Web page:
Most USAF Fighters Won’t Meet 80 Percent Directive, but Process Has Lessons Learned

An F-22 Raptor assigned to the 525th Fighter Squadron from JB Elmendorf-Richardson, Alaska, flies away after refueling from a KC-135 Stratotanker assigned to the 909th Air Refueling Squadron from Kadena AB, Japan, during exercise Northern Edge, May 16, 2019, over Alaska. Air Force photo by SSgt. Micaiah Anthony.

While the bulk of the Air Force’s fighter fleet will not meet the directive to increase its mission capable rate to 80 percent, the increased funding and focus on readiness under the effort has identified issues Air Combat Command can address to improve the health of the fleet.

Former Defense Secretary Jim Mattis in October 2018 issued a directive to the Air Force and Navy to improve the readiness of the F-16, F/A-18, F-22, and F-35 fleets to an 80 percent mission capable rate by the end of fiscal 2019. With the deadline less than two weeks away, the only Air Force fleet that will meet the mark is Active Duty F-16s.

Air Combat Command boss Gen. Mike Holmes said Sept. 18 at AFA’s Air, Space & Cyber Conference he was “really happy with the shift made in the Air Force” to emphasize readiness, moving “significant money” during the fiscal 2019 budget. That trend will continue in the fiscal 2020 budget.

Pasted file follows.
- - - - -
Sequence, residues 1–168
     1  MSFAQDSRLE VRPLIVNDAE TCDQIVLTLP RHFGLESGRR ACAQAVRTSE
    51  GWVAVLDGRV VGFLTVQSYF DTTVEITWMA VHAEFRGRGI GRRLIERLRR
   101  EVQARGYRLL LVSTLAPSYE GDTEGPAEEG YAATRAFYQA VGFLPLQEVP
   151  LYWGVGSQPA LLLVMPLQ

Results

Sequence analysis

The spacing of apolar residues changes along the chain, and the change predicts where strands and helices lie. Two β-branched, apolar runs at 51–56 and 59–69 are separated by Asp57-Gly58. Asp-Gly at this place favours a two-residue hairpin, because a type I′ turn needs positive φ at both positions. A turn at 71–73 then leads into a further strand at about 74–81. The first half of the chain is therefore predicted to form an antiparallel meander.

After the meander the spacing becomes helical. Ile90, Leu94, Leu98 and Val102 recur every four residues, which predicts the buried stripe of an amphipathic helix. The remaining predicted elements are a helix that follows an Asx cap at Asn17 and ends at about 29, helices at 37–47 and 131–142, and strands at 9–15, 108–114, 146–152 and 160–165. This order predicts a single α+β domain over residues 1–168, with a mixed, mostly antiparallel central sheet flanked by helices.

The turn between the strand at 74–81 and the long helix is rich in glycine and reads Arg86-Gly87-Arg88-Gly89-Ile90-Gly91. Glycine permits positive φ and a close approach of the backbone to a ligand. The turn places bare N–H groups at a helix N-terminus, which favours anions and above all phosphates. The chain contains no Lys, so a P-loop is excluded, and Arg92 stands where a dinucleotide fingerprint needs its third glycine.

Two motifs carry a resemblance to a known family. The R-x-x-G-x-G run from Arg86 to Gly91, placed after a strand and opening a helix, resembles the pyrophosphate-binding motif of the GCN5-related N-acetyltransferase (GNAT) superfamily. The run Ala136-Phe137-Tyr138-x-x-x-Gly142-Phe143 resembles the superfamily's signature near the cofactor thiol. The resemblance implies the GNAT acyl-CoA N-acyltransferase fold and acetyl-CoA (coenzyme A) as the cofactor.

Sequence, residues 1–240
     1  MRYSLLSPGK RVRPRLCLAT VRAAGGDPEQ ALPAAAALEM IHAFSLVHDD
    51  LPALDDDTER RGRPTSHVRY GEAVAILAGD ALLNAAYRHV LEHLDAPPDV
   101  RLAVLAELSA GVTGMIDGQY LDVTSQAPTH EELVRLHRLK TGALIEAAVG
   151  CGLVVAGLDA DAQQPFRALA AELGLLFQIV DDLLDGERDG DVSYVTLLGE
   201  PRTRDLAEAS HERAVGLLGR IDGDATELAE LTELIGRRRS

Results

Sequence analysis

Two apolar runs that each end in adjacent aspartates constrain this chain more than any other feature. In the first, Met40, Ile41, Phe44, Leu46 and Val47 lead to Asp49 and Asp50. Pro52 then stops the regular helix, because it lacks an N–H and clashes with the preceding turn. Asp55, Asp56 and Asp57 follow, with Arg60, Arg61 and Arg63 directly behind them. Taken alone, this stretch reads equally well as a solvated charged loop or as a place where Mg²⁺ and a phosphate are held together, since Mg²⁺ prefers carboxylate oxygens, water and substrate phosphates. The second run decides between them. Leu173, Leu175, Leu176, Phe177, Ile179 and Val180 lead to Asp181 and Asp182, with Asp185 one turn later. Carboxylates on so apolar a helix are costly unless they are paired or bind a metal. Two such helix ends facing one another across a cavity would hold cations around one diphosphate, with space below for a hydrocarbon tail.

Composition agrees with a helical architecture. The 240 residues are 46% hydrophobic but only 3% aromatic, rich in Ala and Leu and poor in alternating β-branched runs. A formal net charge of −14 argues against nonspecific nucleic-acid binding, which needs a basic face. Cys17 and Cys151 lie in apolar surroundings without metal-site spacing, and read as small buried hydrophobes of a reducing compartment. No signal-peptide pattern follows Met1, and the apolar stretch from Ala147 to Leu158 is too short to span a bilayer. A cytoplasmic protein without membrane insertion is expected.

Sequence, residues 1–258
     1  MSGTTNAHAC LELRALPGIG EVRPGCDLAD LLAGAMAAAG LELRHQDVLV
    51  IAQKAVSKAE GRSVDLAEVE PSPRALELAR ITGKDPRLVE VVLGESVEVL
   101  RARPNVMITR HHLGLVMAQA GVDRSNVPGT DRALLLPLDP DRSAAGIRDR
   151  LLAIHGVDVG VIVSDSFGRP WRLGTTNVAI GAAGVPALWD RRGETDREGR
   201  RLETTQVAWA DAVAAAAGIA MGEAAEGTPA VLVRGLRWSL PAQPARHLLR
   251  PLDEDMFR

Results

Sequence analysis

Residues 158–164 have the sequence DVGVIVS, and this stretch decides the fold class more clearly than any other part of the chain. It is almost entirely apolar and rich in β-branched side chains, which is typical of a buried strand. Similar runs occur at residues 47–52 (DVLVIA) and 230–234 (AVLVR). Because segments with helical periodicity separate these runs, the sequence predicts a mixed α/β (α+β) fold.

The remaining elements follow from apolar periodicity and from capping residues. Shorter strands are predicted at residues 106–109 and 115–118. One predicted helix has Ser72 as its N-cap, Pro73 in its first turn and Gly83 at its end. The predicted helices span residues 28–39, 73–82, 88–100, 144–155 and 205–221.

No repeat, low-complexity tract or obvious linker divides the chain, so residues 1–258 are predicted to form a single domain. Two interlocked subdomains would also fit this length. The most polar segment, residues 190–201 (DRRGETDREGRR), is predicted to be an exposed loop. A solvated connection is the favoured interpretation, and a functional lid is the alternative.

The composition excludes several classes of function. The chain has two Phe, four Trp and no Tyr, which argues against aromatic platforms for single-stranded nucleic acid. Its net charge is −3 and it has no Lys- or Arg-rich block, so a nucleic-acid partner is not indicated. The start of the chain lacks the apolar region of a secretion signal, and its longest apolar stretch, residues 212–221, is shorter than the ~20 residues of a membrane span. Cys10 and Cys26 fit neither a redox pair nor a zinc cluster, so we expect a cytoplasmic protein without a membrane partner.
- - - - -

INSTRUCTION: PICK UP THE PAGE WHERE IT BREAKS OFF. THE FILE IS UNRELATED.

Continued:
F-22 fleet readiness is limited by multiple factors, the first being the response to Hurricane Michael that devastated Tyndall AFB, Fla., last year. The Air Force scattered Tyndall’s F-22s and personnel to JB Elmendorf-Richardson, Alaska; JB Langley-Eustis, Va.; and JB Pearl Harbor-Hickam, Hawaii. The personnel moves wrapped up last month, after the Air Force gave airmen and their families time to find places to live, get children enrolled in schools, and deal with issues related to an abrupt move.

Second, the F-22 faces complications with maintenance of its low observable coating. Maintaining this stealth capability takes time and effort, at a time when Tyndall’s low observable maintenance facility was damaged. That facility is now operational, and the service is looking at expanding the LO maintenance capability at the F-22 operational bases, Holmes said.

“A big part of the F-22 issue is LO,” he said.

The main issue with the F-35 has been parts availability, which is a challenge the Joint Program Office is working through. In the past several months, the 388th Fighter Wing at Hill AFB, Utah, the Air Force’s operational F-35 wing, has had jets flying in four separate locations. This has complicated the overall readiness and maintenance process. Despite that, the F-35s that are deployed to the Middle East have had a “constantly improving rate,” including more than 80 percent recently, Holmes said.